But for Cath, being a fan is her life—and she’s really good at it. She and her twin sister, Wren, ensconced themselves in the Simon Snow series when they were just kids; it’s what got them through their mother leaving. Reading. Rereading. Hanging out in Simon Snow forums, writing Simon Snow fan fiction, dressing up like the characters for every movie premiere.

Cath’s sister has mostly grown away from fandom, but Cath can’t let go. She doesn’t want to.

Now that they’re going to college, Wren has told Cath she doesn’t want to be roommates. Cath is on her own, completely outside of her comfort zone. She’s got a surly roommate with a charming, always-around boyfriend, a fiction-writing professor who thinks fan fiction is the end of the civilized world, a handsome classmate who only wants to talk about words... And she can’t stop worrying about her dad, who’s loving and fragile and has never really been alone.

For Cath, the question is: Can she do this? Can she make it without Wren holding her hand? Is she ready to start living her own life? Writing her own stories?

And does she even want to move on if it means leaving Simon Snow behind?

I feel like I've said this quite a bit lately, but I rarely read contemporary fiction, especially YA contemporary. I mainly picked this up because A) everyone I've ever met in my life has told me to read it, and B) I knew that fake Harry Potter fanfic was a supposed huge part of it.

The first thing that's worth pointing out is that, while this is labeled as YA, Cath is actually in college. I know that's in the synopsis, but I somehow completely missed it. Even though I'm way past college, I felt like I was able to relate to Cath a lot more than when I read contemporary fiction about high school students. I really liked Cath because she was such an introvert. I've seen people say that they didn't like how she was written because introverts don't completely avoid social situations, but I'm an introvert and that's basically me, so... I liked her.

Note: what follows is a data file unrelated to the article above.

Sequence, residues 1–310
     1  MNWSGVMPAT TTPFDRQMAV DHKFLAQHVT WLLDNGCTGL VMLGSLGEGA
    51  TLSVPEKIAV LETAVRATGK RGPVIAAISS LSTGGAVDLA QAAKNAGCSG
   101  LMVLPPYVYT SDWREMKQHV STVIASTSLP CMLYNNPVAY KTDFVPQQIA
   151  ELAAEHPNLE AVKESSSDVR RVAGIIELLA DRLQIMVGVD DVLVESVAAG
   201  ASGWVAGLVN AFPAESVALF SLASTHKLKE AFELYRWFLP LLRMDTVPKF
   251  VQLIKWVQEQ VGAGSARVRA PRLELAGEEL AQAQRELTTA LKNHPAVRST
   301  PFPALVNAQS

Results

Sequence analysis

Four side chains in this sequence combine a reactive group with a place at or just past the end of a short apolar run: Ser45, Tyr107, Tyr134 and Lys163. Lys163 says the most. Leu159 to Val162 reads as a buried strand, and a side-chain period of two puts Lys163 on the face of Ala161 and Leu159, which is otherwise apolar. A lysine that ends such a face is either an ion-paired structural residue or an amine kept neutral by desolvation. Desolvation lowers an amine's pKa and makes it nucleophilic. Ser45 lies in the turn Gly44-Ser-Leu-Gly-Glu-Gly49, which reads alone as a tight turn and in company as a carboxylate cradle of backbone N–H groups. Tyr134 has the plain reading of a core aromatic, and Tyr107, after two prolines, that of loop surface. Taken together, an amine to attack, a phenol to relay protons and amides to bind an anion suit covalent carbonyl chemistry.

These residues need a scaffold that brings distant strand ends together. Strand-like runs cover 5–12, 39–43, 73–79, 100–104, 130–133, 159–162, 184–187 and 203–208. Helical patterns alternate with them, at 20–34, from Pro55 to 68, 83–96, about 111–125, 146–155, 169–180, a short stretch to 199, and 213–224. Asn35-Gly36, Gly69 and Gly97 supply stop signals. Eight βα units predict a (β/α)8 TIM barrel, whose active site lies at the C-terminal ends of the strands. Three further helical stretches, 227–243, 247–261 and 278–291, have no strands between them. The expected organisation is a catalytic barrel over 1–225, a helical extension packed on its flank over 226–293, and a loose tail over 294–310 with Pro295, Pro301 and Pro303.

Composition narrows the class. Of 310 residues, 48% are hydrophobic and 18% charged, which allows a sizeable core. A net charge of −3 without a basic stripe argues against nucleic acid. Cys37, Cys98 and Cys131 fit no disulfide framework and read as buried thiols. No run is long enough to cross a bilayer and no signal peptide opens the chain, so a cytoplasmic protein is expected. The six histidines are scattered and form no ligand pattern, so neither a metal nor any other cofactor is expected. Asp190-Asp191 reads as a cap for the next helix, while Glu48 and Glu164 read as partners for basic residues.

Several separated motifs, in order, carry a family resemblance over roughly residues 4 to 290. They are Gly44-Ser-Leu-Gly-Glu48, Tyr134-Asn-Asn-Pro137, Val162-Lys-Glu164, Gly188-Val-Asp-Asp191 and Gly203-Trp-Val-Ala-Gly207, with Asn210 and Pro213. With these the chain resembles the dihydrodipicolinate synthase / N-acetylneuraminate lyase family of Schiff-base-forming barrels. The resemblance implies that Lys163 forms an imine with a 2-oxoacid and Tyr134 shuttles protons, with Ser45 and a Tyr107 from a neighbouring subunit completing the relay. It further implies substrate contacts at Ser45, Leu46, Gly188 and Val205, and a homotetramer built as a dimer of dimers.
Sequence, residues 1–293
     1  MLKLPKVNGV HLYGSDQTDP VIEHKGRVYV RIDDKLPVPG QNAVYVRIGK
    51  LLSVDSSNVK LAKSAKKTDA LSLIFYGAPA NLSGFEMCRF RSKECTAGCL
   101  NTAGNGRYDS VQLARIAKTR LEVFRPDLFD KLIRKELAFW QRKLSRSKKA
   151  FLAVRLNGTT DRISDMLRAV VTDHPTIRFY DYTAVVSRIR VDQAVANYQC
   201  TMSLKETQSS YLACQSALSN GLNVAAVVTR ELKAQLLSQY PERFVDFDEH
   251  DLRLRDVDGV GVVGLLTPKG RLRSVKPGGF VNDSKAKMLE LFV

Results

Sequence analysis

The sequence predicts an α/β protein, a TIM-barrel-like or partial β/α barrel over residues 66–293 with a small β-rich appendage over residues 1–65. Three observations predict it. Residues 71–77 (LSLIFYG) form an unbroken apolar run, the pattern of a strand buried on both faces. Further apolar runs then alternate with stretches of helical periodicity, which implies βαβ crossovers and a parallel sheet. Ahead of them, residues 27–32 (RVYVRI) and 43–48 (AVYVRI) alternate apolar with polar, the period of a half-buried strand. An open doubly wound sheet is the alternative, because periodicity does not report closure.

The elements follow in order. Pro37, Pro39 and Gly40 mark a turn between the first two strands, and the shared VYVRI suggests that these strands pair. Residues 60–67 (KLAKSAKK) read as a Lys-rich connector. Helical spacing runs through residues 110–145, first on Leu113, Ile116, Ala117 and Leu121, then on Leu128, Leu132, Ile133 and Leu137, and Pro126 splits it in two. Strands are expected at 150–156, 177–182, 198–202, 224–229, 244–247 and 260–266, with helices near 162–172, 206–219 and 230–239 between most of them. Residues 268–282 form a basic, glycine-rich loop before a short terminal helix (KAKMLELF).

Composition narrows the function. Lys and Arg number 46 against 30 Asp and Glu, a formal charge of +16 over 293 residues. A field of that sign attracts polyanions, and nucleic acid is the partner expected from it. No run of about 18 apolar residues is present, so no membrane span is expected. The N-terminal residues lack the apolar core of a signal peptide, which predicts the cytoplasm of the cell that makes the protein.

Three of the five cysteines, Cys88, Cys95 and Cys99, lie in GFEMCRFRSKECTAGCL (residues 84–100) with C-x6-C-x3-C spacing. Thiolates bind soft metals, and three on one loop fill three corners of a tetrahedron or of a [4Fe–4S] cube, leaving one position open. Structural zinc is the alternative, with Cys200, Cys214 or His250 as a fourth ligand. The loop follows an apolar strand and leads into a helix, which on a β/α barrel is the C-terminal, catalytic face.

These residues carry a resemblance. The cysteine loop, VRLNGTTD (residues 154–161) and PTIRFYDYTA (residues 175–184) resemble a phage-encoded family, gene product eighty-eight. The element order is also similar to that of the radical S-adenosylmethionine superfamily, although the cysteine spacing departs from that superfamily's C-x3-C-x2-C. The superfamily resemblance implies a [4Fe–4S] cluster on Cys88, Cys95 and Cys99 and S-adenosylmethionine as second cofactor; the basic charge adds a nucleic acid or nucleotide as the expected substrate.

In addition to Cath, her twin sister Wren, roommate Reagan, and her not-boyfriend Levi. While I did really enjoy them all, I think I loved Levi the best (maybe not surprisingly). I found Reagan to be a bit one dimensional, but I did like that she helped pull Cath out of her comfort zone. The romance was cute and, while there was a tiny hint of a love triangle, I'm happy to say it didn't last very long.

I'm shocked to say that one of my biggest issues with Fangirl was, well, the fangirl herself. I loved Cath, but I was honestly annoyed by the whole fanfiction plot. I went into this book expecting to love Simon Snow and hate the college bits, but it was the exact opposite. There wasn't enough of Simon Snow for me to care about him so he seemed to be wasting pages when he did show up. I was also really confused by the inclusion of Harry Potter in this world. How do these two nearly identical stories exist together?

Something else that surprised me about this book was that there wasn't much of a plot. There was no real issue for Cath to solve other than exist at college for a semester. She went to classes, went to parties, hung out with guys, ate lunch, called her dad... I mean, I've basically done all of this too. I'm used to my books presenting some kind of unusual situation, or at least one I've never found myself in, so it was weird to read a book about a college student meandering through a semester of school.

Fangirl really wasn't what I expected it to be at all and I ended up disliking the part I expected to love, but I still really enjoyed it. I really doubt I'll read any of Rainbow Rowell's other books, though. I still am not a fan of contemporary fiction, but this wasn't a bad one to take a detour with.

Wednesday, March 13, 2019